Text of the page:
For example, Eugène Atget (1857 – 1927) became obsessed with making what he modestly called “documents” of the city and its environs, and compiling a 8000 piece visual compendium of the architecture, landscape, and artifacts that distinguish French culture and its history. We can see the similarities of visual subject (and the desire to create a vast visual library) within his work and the work of Legovic, Nettie Edwards and Kunze; their cities, gardens and streets photographed acting as cultural stages, or “dream capitals” acting as urban labyrinths of desire and memory.
Miguel Angel Camero almost recalls the work of Maurice Tabard (French, 1897–1984) or perhaps even Hans Bellmer. Then again the surreal aspects of all these mobile photographers, due to the rapidity of the mobile photographic process and therefore the almost impulsive connection between the capturing of the image and the access to the sub-conscious, gives way to perhaps the more documentary style seen in New Deal photographer Walker Evans or Bill Brandt.
Thinking of established photographers and artists, walk around the gallery and find pieces of work that take inspiration from different artistic tradition. Can you see Edward Hopper? Can you see Jack Vettriano? Can you see Man Ray? Jeffrey Smart?
Mobile Phones are the new disposable camera. They are perfect for snapshots of life wherever you are. Have it ready at all times and be on the lookout for ‘The Decisive Moment’! Missed it…? Never mind, crop it and drop a filter or two on top. Job done!
- Look for an image with high contrast – go and stand by it. What drew your eye to that particular image?
- Find an image with a composition that you find interesting – go and stand by it. Why did you choose this image?
- Find an image with a clear example of the Rule of Thirds – go and stand by it. Explain the rule of thirds in the picture.
- Select your favourite image in the exhibition, go and stand by it – what is it that captivates you?
- Stand back from the photographs
- Choose 3 that have an interesting composition – remember the rule of thirds/your favourite image etc. Perhaps there is a strong use of a diagonal line or you may see strong vertical or horizontal lines in the composition?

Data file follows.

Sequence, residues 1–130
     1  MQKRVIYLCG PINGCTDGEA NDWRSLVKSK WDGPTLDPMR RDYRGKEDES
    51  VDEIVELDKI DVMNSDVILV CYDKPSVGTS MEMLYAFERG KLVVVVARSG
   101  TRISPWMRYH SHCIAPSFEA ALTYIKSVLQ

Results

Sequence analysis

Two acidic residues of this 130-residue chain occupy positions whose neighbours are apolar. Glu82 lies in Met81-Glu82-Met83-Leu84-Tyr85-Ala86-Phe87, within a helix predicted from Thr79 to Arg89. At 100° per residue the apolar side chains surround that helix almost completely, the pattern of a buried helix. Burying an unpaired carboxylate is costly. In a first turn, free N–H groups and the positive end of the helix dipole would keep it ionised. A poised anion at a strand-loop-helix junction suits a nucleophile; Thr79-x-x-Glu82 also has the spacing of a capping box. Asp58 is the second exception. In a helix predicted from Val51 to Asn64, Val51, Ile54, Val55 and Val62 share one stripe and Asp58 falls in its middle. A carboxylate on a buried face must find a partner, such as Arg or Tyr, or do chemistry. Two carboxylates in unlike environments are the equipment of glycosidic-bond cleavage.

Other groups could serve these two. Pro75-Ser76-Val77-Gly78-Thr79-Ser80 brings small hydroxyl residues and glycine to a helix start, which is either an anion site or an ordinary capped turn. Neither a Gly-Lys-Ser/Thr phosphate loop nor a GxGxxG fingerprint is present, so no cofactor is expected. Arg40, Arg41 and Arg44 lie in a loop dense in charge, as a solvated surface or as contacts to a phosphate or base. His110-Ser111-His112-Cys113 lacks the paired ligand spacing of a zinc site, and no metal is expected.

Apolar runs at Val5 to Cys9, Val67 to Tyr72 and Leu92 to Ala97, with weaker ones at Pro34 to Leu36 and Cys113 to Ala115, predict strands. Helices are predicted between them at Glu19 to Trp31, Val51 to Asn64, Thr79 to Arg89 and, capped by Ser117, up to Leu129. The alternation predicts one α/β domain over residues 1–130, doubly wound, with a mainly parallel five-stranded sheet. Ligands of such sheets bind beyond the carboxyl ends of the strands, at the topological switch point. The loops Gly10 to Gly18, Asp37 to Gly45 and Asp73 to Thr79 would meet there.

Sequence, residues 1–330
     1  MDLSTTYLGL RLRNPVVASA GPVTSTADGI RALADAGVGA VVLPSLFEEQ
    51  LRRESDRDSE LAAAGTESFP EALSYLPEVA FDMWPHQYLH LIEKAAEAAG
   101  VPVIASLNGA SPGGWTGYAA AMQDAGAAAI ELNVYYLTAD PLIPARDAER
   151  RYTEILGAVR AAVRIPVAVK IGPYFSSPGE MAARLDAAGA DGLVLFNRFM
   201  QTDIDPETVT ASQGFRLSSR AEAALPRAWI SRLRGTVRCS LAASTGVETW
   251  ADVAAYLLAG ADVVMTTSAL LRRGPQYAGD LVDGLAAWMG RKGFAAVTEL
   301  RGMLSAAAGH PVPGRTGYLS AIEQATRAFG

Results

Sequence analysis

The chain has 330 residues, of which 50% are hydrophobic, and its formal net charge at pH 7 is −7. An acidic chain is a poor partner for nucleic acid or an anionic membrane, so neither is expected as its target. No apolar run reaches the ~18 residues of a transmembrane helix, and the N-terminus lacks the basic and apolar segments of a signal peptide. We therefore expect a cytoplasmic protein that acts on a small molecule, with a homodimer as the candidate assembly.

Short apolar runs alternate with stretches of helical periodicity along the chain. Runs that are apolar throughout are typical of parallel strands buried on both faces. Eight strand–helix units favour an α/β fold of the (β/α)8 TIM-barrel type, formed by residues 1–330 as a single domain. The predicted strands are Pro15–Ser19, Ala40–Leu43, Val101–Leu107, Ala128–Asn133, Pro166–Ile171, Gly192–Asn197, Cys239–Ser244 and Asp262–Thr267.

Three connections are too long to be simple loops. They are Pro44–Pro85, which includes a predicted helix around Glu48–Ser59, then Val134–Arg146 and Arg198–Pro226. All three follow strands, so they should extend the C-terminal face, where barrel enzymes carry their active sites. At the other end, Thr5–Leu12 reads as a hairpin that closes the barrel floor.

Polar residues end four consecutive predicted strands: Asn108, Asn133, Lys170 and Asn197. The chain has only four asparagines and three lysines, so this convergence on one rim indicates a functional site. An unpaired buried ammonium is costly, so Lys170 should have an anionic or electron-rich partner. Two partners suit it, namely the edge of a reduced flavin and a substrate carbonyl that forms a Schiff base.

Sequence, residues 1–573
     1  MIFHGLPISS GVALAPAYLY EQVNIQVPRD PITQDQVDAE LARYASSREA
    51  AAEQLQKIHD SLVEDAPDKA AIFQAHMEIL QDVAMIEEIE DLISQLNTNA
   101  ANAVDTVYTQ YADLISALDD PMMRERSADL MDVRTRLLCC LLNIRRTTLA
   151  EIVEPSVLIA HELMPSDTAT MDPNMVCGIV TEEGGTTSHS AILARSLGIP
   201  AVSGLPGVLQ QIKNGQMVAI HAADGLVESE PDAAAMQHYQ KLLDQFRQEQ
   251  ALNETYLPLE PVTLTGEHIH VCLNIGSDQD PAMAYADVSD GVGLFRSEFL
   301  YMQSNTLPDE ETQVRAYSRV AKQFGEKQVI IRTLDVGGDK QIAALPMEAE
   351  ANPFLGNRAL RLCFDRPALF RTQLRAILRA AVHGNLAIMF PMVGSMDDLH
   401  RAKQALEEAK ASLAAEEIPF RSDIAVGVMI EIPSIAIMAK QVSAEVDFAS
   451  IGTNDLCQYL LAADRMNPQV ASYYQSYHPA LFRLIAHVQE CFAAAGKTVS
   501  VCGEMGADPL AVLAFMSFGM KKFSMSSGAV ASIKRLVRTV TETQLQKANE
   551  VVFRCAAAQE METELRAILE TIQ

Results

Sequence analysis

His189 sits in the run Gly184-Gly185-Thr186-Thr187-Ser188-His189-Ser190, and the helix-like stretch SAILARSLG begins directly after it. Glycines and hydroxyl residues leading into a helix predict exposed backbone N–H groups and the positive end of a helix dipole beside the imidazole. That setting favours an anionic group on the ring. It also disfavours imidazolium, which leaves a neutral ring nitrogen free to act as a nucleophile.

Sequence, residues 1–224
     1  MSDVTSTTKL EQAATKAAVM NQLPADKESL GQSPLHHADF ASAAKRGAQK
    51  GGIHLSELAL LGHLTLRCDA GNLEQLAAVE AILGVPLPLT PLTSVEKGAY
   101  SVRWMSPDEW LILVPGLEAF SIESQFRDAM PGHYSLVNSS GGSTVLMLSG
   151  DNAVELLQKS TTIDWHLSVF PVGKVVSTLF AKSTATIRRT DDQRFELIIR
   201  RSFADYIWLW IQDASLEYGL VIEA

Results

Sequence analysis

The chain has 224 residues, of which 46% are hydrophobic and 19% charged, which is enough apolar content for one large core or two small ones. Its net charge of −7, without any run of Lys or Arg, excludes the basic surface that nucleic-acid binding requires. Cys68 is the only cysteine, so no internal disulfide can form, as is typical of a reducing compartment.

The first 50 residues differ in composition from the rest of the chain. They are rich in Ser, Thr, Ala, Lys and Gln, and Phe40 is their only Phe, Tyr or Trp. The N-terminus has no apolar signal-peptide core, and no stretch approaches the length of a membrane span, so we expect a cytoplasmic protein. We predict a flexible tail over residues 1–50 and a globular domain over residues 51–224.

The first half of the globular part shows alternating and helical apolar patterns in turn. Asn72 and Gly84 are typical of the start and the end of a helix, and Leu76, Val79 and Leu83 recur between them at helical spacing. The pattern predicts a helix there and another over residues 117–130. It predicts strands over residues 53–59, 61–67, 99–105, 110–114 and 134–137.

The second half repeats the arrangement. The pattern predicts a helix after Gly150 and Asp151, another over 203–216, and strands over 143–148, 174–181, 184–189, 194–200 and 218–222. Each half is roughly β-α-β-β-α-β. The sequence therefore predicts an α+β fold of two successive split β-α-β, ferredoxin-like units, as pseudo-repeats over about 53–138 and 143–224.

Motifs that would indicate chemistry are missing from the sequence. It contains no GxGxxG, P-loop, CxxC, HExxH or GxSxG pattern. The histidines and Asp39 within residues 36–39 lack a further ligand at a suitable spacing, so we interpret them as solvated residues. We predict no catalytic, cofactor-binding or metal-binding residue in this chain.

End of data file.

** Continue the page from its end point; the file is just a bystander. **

- Use the black strips and circles of sugar paper and make a set of 3 composition studies of the photographs you have chosen.
- Using your phone shoot a response to one (or more) photographer producing a set of 6 photos – Consider the following in your shoot
- Layers and reflections – layer your pictures by shooting 2 and using an App such as Faded to layer and combine through reduced opacity. Try throwing on a couple of contrast filters
- Night-time Noir – Urban spaces are always built on layers so look for opportunities to photograph streets and buildings at night being punctured by street lights. Look up stairwells or over bridges. Convert your pics to black and white and enhance the contrast.
- Empty Spaces – break up your picture and look up at the big sky. Find something of interest – people, lampposts, chimney stacks etc. and dismiss everything else. Add a light leak and blur (or tilt-shift) effect to reduce any other content before dropping a filter onto the picture.
- Portraits – decide on whether you will shoot a direct portrait or look for an opportunity of someone in a wider context (a market trader for example). Capture something of the person you are shooting – aim to make it an honest portrayal. The person of interest should be the key focus of the image consider the background, do you want it empty, plain, full of the setting you are shooting etc. Composition is key.
Upload your photos to Instagram using the hashtag #brglearning
Some Apps to consider (for both iPhone and Android) – You will obviously have more so share your findings with others:
Photo Editor by Aviary Camera 360
Snapseed Rookie Photo Editor
VSCO Cam Camera Awesome
Magic Hour Lite/Free Snapbucket
Photo Wonder iDarkroom
Mextures Handy Photo
Markus Andersen is an Australian based photographer who specialises in both long term documentary & conceptual portrait work. Using a combination of iPhone, digital rangefinder & medium format film he is currently shooting three photographic projects within the Sydney area.
Jean-Michel André was born in France in 1976 and spent most of his life outside the French borders, in Europe, in Africa and the Caribbean.
Journeys feed his work. Bareness, discretion, modesty, are integral principles by which Jean-Michel André works. His photographs collide and eventually compose a long and inexplicable sentence, a poetry of imaginary words.